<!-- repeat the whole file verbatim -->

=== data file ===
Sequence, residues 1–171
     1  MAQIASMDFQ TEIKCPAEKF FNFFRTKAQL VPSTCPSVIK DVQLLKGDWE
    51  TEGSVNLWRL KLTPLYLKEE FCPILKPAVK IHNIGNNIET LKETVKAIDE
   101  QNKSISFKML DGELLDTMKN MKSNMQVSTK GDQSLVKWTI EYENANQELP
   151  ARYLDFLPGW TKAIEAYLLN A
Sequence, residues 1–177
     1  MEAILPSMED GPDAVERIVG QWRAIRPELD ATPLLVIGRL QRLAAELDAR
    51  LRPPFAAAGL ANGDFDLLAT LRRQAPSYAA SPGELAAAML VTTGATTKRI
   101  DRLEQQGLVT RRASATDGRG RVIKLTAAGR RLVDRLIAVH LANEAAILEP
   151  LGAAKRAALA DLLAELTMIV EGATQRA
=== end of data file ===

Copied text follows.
Sequence, residues 1–171
     1  MAQIASMDFQ TEIKCPAEKF FNFFRTKAQL VPSTCPSVIK DVQLLKGDWE
    51  TEGSVNLWRL KLTPLYLKEE FCPILKPAVK IHNIGNNIET LKETVKAIDE
   101  QNKSISFKML DGELLDTMKN MKSNMQVSTK GDQSLVKWTI EYENANQELP
   151  ARYLDFLPGW TKAIEAYLLN A
Sequence, residues 1–177
     1  MEAILPSMED GPDAVERIVG QWRAIRPELD ATPLLVIGRL QRLAAELDAR
    51  LRPPFAAAGL ANGDFDLLAT LRRQAPSYAA SPGELAAAML VTTGATTKRI
   101  DRLEQQGLVT RRASATDGRG RVIKLTAAGR RLVDRLIAVH LANEAAILEP
   151  LGAAKRAALA DLLAELTMIV EGATQRA